The F-stop Tilopa, the most comfortable camera bag I have used but is it worth the money?
Think camera bags, and you will almost certainly imagine bags built with the robustness of a Sherman tank and fitted with more pockets, buckles and straps than you will actually know what to do with. Regardless of the manufacturer, there is a certain expectation that the materials used will be nothing less than the finest ever made and the build quality flawless. Well, I’m happy to report that, after extensive testing, the F-stop Tilopa camera bag meets all these expectations. It is a superb bit of tailoring, which incidentally looks spectacular in pale blue. However, as handsome as the bag is, one must ask, What sets the Tilopa apart from every other camera bag on the market?
First, the F-stop Tilopa itself is not a camera bag per se but rather a backpack in the “let’s go hiking in the Drakensberg” kind of way. On its own, you would be hard-pressed to say that it was ever designed with photography in mind. Instead, it bears all the hallmarks of an Alpine trekking bag with a myriad of external pockets, space for a hydration bladder and even points for attaching climbing ropes and skis.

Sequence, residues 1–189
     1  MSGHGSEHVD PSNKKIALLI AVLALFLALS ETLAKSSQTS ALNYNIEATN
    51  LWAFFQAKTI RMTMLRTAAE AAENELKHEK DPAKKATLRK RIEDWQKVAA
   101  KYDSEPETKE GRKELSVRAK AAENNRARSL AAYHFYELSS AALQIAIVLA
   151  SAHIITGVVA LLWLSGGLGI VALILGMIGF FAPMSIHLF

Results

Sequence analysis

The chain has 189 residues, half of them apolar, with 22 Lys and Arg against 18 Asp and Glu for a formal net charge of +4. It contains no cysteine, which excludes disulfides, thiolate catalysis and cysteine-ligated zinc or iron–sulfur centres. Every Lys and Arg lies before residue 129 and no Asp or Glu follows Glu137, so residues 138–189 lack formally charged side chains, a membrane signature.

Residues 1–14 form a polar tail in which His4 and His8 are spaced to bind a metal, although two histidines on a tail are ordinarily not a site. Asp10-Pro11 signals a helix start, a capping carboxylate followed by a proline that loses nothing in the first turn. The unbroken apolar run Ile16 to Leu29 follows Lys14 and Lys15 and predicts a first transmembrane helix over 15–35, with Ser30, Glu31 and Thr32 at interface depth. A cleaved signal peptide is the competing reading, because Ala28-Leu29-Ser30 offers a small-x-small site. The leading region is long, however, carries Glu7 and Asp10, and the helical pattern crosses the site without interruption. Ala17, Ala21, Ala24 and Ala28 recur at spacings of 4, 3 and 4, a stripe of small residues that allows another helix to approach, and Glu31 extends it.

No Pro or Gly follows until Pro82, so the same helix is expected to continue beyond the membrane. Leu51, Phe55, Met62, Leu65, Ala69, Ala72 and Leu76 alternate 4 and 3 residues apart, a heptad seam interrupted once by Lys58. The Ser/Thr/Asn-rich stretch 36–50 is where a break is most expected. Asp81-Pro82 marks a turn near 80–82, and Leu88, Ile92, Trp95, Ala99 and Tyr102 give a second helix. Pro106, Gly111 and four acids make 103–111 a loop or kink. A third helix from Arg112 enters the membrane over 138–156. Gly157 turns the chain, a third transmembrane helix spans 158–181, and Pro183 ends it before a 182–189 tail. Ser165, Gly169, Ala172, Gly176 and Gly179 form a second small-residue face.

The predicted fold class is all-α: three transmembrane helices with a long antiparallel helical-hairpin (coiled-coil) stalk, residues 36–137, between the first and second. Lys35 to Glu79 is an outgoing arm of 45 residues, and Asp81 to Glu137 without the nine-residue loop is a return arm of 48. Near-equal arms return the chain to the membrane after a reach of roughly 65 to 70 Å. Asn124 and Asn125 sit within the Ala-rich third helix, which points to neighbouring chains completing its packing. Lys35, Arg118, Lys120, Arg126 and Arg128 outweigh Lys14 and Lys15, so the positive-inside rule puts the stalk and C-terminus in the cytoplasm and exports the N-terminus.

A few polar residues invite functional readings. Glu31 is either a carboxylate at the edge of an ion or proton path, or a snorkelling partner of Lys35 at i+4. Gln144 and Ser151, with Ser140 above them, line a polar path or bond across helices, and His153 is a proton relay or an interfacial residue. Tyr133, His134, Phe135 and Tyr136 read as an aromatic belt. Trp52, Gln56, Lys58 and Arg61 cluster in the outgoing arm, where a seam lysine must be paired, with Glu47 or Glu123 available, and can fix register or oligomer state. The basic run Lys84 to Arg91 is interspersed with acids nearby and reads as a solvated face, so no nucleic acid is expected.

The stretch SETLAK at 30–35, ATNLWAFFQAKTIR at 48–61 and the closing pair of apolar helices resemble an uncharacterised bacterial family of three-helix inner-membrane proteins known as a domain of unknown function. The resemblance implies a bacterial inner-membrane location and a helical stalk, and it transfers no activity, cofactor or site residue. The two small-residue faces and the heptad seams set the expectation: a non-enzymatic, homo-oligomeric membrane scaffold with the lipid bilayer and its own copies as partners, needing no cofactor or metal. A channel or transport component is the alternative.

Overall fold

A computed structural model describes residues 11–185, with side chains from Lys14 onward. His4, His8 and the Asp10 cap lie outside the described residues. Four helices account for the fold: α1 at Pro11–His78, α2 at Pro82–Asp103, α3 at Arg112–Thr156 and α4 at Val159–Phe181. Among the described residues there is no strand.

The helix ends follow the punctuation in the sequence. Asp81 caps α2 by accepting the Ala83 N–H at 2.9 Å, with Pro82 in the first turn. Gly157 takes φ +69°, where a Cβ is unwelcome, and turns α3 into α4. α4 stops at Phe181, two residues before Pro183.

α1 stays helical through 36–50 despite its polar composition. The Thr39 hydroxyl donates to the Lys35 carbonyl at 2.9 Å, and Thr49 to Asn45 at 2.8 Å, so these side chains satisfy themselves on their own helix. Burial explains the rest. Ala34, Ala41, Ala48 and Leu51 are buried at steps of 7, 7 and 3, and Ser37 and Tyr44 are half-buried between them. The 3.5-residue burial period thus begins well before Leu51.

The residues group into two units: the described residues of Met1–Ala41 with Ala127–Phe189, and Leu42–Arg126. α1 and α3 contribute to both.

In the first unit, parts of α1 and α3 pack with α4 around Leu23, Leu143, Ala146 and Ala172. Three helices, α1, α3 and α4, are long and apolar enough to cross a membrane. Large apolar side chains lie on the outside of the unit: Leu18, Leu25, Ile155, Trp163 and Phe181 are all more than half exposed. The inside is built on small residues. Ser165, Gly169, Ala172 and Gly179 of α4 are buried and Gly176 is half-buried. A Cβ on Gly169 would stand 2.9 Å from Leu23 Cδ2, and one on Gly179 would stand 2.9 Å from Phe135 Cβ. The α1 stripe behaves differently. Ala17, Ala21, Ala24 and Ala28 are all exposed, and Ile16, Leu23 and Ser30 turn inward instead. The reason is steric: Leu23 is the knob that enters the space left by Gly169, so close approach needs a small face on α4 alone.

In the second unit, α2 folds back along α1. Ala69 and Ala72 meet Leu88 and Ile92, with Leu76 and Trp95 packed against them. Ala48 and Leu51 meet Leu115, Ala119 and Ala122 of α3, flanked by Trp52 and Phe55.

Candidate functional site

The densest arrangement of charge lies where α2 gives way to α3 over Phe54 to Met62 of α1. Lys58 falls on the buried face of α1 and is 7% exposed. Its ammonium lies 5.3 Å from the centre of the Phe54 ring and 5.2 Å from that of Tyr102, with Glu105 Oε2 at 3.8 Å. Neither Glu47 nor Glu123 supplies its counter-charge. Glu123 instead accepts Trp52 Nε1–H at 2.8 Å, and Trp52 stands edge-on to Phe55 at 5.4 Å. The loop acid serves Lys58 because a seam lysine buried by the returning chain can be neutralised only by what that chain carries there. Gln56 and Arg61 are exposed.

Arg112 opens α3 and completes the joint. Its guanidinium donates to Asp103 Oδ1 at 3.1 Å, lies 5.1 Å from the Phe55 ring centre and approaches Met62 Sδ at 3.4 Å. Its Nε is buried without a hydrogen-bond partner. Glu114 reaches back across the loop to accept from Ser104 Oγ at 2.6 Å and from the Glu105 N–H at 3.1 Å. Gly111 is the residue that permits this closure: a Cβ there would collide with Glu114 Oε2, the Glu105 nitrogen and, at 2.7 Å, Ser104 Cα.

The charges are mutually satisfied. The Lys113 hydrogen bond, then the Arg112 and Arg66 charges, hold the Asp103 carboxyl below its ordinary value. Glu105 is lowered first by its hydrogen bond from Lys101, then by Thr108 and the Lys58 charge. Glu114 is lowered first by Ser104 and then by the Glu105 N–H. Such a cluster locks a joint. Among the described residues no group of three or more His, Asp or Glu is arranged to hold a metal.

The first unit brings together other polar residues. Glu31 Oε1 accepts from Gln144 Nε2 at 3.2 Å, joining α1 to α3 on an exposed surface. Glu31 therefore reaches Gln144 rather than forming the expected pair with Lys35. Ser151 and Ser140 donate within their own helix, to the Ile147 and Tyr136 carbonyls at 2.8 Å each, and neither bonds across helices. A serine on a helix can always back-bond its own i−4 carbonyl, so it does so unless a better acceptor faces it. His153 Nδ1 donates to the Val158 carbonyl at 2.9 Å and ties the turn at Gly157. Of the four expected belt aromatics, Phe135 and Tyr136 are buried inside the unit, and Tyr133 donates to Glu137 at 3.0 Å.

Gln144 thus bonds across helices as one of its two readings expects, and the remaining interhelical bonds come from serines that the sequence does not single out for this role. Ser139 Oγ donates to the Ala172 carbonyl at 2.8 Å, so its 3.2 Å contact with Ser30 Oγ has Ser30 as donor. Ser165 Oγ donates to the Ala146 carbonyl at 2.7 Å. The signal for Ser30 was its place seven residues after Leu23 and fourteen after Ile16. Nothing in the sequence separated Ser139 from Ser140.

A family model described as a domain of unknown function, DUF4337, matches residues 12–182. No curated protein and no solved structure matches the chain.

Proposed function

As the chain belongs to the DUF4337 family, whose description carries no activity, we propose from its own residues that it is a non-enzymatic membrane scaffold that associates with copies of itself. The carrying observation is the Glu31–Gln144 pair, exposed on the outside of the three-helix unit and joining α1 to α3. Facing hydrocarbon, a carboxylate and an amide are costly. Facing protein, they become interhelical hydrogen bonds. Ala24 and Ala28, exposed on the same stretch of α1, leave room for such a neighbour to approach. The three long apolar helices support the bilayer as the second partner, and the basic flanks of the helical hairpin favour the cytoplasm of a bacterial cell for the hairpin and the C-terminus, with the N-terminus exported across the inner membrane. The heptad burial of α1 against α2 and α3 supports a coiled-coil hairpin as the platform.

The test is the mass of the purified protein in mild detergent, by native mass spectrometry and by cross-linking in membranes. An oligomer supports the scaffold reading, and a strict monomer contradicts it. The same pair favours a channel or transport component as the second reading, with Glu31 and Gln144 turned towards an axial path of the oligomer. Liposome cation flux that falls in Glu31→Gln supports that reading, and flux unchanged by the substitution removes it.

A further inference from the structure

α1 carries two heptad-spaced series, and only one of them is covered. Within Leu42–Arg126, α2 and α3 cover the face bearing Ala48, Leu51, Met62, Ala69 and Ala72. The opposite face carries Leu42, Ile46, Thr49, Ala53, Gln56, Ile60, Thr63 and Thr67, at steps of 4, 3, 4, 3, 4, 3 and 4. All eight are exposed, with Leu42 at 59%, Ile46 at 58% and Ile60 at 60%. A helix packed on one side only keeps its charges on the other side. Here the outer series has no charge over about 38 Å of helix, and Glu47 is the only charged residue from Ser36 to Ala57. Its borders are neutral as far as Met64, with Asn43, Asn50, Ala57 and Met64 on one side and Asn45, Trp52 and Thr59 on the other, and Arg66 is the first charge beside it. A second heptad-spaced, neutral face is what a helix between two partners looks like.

To make the bag useful as a piece of photography equipment requires purchasing a separate Internal Camera Unit or ICU. The ICU comprises the core of a bag-within-a-bag system which, as regular readers will know, is something I’m not terribly fond of. I always see a bag within a bag as being rather redundant and an inefficient use of space. Needless to say, there are certain undeniable upsides to the duffel duplication and for the Tilopa, the benefit comes by way of having the option to customise how much of the pack is dedicated to photography and how much is dedicated to trekking.
F-stop sells a total of seven ICUs that can fit inside the Tilopa and they cover a vast range of sizes, from just bigger than a wallet to those that leave no space for even an energy bar. My test unit came with the Large Pro ICU, which very nearly held all the gear that I ordinarily carry. A few odds and ends, such as my spare batteries and so on, had to find a home elsewhere in the main bag and, while less than ideal, this is not enough for me to suggest buying a bigger ICU. As it was, with the Large Pro version of the ICU installed inside the Tilopa, the portion of the bag available for trekking gear was whittled down to only space for a raincoat and some lunch.
With the Tilopa being as full as it is once laden with photographic gear, I can’t help but think that it’s a case of “jack of all trades but master of none”. The F-stop website specifically states that “the Tilopa works well for both multi-day trips and short day hikes off the beaten path” but coming in at a mere 50 litres, even without camera equipment at all, I just can’t see how this is an accurate description. I cannot imagine any hiker in any part of the world overnighting off the beaten path with only 50 litres of gear – certainly not in South Africa. There is simply no way that a tent, sleeping bag, cooking equipment, food, etc. are going to fit, and that’s to say nothing of a camera and a lens or two.